- When asked about women’s involvement in various aspects of politics, majorities of both men and women strongly agree that women should be involved in politics at a variety of levels. Yet, statistically significant differences appear between the percentage of men who strongly agree and women who strongly agree with women in these roles, as seen in Figure 10. There are also statistically significant differences between men and women who strongly/somewhat oppose women as members of parliament (24% men oppose, 5% women oppose), ministers in government (24% men, 5% women), working on candidate campaigns (37% men, 13% women), participating in political protests (37% men, 18% women), and members of political parties (25% men, 5% women). Despite majorities of men who support women in these roles, the percentage of men who oppose, and the difference between genders, is significant when examining potential attitudinal barriers to women’s participation in these types of activities.
- When aggregating opinions on the involvement of women in different aspects of the political process, regardless of the type of process, we find that 77% of women support women’s involvement in all five of these political roles, 8% support women in four of these roles, 8% support women in three of these roles, 1% support women in two of these roles, less than 1% only support women in one of these roles and 6% of women do not support women’s participation in any of these roles.
- On the other hand, we see men are less likely to support women in all of these roles and more likely to not support women in any of these roles. When looking at men’s support of women’s involvement in different aspects of the political process, the data shows 51% of men support women’s involvement in all five of these political roles, 14% support women in four of these roles, 9% support women in three of these roles, 2% support women in two of these roles, and 5% support women in one of these roles. Meanwhile, two in ten men (20%) do not support women’s participation in any of these roles.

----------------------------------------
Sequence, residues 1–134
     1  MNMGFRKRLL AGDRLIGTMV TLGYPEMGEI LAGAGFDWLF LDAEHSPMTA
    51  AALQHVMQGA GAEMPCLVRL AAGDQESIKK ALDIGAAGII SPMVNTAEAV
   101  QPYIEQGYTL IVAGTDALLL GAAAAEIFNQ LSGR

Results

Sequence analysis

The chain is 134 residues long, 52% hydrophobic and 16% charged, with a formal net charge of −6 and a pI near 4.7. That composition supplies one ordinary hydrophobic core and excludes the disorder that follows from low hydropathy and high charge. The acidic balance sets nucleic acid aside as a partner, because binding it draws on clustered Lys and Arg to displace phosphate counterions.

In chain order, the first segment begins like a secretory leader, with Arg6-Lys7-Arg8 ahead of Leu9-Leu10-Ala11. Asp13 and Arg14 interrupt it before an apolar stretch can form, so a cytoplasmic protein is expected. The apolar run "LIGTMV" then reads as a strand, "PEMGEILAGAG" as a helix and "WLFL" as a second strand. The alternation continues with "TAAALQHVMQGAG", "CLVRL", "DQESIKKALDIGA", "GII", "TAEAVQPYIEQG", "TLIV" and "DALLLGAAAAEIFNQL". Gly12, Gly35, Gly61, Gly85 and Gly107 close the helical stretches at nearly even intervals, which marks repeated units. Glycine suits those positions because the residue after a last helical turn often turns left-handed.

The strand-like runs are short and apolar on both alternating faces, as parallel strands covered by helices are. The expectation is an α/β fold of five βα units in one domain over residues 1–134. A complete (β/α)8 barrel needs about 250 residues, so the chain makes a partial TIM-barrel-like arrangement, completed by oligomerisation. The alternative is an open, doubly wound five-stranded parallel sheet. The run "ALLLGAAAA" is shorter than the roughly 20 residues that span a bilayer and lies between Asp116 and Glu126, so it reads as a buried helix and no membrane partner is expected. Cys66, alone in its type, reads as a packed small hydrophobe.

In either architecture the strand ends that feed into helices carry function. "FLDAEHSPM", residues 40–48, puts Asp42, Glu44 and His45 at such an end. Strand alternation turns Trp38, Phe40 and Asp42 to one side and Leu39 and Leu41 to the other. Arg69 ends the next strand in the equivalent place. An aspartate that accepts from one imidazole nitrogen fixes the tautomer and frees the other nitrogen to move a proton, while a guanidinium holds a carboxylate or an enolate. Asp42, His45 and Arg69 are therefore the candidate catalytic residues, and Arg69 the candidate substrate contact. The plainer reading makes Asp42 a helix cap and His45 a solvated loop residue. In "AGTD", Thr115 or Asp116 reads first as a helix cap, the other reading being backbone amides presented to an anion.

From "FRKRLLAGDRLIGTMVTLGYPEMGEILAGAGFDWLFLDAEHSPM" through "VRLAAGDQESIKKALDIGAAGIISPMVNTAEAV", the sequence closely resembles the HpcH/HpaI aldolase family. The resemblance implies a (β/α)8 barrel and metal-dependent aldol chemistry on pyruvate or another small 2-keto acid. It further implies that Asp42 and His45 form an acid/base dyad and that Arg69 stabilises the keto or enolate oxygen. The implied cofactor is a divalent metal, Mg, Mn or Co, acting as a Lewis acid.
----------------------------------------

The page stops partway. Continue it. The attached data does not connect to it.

In contrast, while men and women may believe women should be involved in politics and in political leadership positions, men are still viewed as better business executives and political leaders by a significant percentage of both men and women.
- When respondents were asked whether they agree or disagree with the statements “On the whole, men make better political leaders than women do” and “On the whole, men make better business executives than women do,” the data shows a significant gender difference in opinions on these questions
(Figure 11 and 12). A majority of men agree that men are better political leaders (67%) and business executives (65%) than women whereas a majority of women (55%) disagree with these statements that men are better political leaders or better business executives. Still, it must be noted that a significant share of women agree men make better political leaders than women do (34%) and men make better business executives than women do (35%). Education levels amongst women do not seem to impact this perception, nor does it matter if women live in urban or rural settlements (Figure 13). Participation in the work force also does not impact women’s opinions on whether men make better business executives in any significant way. Sixty-one percent of working women disagree compared to 54% of non-working women.
- These findings highlight the fact that this traditional stereotype of men being better in leadership roles continues to exist throughout Moroccan society, not just among men but among some women as well. This pervasive perception in society by both men and some women may tend to keep more men in these positions and can hinder women from attaining these types of leadership positions.